So what is the value you are offering to your market besides the remarkableness of the content itself? Think about it, and then use it to your advantage. Below are some of the elements that make a successful linkable content:

  • Well-researched and eloquently written content (coherence, grammar, personality, etc…)
  • Clean and clever design (webpage design, images or infographs)
  • Socially enticing (user activity such as enabled user comments or reviews, visible social media share buttons, etc…)
  • Contact list (for link request outreach)
  • Strong headline for the content
  • Usefulness of the content (informational, constructive or nifty tools)
  • Uniqueness of the content (that’s where research will come in)
  • Unexpected hook (an element of surprise within the content such as top secret tricks or statistics)
  • Branding and Marketing (which I will explain further below)

Content that Attract Natural Links

  • Educational
  • First of its kind
  • Entertaining
  • Controversial
  • Extremely useful
  • Non-paid/free
  • Influential people or industry leaders are linking to it or have shared it socially
  • Emotionally captivating
  • Comprehensive or sticky content

12 Ways to Increase the Chances of Getting Editorial Links

1. Extract and reverse engineer links from your competitors’ similar content.

Knowing linking opportunities from your content’s SERP competitors is perhaps the best first move in building your list of link prospects before launching your link bait. Lurking through your competitions’ page and link profile is very advantageous, given that it will give your bait the edge in overcoming the competition in terms of the content’s comprehensiveness and timeliness, which can make your link request outreach almost effortless.

It’s imperative to determine the weaknesses of your competitions’ pages and to use them to your content’s advantage by simply offering what is not present on their content. With that being said, you will have higher response rate when requesting for in-content mentions on pages/sites that have a history of linking to a similar subject of content.

How to find the best pages linking to your competition:

  • Search for your content’s headline or the major keywords that your content is targeting through Google search.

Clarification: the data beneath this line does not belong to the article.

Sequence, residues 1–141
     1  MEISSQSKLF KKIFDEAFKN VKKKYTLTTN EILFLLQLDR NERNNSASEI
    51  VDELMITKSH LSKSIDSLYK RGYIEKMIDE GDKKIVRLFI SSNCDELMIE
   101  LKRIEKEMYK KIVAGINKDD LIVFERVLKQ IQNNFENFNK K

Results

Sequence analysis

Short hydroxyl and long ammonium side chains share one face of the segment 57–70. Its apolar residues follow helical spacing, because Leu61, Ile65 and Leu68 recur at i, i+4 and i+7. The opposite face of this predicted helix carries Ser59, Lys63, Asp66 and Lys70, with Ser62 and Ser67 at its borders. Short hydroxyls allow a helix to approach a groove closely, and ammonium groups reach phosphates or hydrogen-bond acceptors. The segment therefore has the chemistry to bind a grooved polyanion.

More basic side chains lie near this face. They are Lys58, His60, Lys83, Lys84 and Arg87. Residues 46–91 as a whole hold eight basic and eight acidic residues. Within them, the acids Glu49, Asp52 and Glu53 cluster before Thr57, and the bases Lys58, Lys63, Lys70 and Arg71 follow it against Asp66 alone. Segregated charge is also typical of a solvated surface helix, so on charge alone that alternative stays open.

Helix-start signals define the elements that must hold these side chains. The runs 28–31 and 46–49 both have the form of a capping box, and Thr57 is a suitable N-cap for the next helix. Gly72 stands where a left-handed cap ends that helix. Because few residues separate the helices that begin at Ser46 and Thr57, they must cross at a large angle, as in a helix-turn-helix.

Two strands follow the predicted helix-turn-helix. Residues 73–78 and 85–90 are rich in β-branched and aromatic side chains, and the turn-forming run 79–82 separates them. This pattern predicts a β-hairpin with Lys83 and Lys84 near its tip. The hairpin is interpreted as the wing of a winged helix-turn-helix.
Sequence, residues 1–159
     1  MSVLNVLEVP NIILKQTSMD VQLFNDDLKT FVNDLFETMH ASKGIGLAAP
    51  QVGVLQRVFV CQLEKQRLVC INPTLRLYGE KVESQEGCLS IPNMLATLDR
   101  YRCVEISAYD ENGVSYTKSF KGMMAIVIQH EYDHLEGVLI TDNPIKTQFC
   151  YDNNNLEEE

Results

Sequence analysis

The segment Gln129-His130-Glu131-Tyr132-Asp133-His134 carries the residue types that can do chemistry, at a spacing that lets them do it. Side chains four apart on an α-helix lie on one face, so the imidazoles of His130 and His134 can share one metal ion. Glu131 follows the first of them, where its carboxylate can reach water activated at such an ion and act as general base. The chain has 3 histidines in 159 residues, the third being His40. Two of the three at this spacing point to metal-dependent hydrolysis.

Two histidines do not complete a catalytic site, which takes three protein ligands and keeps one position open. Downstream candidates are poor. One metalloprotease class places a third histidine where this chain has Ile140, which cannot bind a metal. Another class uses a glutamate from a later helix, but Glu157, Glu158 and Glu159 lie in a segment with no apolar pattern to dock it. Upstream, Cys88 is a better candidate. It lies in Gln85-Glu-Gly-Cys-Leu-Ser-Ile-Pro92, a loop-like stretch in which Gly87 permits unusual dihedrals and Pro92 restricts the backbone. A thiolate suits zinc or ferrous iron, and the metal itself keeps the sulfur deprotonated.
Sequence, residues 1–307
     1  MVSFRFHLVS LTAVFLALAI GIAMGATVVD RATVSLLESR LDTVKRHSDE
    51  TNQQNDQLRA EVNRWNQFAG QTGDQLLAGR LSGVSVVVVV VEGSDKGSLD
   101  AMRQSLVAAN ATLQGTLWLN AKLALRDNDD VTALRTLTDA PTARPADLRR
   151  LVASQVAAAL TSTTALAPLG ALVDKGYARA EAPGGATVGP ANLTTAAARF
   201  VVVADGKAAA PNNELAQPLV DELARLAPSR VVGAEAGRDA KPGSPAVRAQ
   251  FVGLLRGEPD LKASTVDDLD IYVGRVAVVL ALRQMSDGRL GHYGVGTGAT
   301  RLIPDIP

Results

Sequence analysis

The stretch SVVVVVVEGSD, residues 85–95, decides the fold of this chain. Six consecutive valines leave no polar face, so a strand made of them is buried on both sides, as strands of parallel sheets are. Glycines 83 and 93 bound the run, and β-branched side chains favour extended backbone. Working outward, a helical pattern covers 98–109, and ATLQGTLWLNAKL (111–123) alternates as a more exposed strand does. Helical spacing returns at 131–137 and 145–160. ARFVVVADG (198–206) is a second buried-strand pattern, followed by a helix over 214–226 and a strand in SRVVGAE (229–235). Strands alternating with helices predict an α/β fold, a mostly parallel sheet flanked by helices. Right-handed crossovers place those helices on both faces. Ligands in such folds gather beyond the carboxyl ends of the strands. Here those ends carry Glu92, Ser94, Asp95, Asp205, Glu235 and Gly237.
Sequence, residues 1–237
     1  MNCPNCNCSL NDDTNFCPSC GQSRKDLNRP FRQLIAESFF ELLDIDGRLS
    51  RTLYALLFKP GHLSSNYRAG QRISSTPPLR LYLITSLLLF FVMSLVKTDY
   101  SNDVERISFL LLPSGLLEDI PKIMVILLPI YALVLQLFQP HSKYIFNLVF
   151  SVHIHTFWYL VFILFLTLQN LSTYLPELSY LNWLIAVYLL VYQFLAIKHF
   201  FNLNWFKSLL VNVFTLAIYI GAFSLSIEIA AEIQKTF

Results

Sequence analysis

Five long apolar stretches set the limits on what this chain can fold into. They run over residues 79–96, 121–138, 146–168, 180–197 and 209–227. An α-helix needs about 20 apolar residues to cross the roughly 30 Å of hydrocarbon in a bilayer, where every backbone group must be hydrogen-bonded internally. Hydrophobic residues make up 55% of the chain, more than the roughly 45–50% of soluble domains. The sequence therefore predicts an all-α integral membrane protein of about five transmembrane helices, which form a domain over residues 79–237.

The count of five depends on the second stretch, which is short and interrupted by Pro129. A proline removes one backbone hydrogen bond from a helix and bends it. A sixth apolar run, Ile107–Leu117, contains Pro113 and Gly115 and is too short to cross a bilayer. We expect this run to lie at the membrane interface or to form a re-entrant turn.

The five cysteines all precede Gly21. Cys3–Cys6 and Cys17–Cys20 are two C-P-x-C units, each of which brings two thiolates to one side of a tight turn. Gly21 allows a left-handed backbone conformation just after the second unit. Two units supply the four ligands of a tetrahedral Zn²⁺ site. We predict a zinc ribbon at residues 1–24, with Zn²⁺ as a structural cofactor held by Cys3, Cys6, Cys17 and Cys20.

• List the top 20 pages that Google will return as results for each keyword that you have queried on an excel sheet (ex. “how to create a link bait”, “how to link bait”, “what is link baiting”, etc…). It’s best to mark the competing pages that have high amount of incoming links as high priority.
  • Use Yahoo Site Explorer to track pages externally linking to your competitors. List them all on a separate tab of your spreadsheet and include details such as:

o   Pagerank of the linking page
o   Date it was published
o   If the competitor’s link was placed on the body of the content (if it’s editorial)
o   If the page’s content is editable when requested
o   Contact details (specifically the email address) of the webmaster.

  • Organize your list of link prospects by segregating the pages that should be prioritized when you start with the contacting process. These pages could be the ones that are editable, have high Pagerank, and have a section that’s absolutely relevant to your upcoming content.

In sending the requests:

  • Create an email template that can be easily personalized, as you have to include the name of the webmaster that you are contacting and a bit of information on why you are specifically aiming to acquire a link from their site.
  • State why your new content is worth the link (maybe because it’s more comprehensive than what they have previously mentioned or recommended – which is your competitor – or because it contains more up-to-date information compared to your competitors’ content), but do not compare your content to theirs directly.
  • Try to ask if they can add a link directing to your content – not replace the already existing link for your competitor – if it’s possible. But if you feel that it’s not, just ask if they’ll be interested to see your material and maybe they can refer to it for future reference.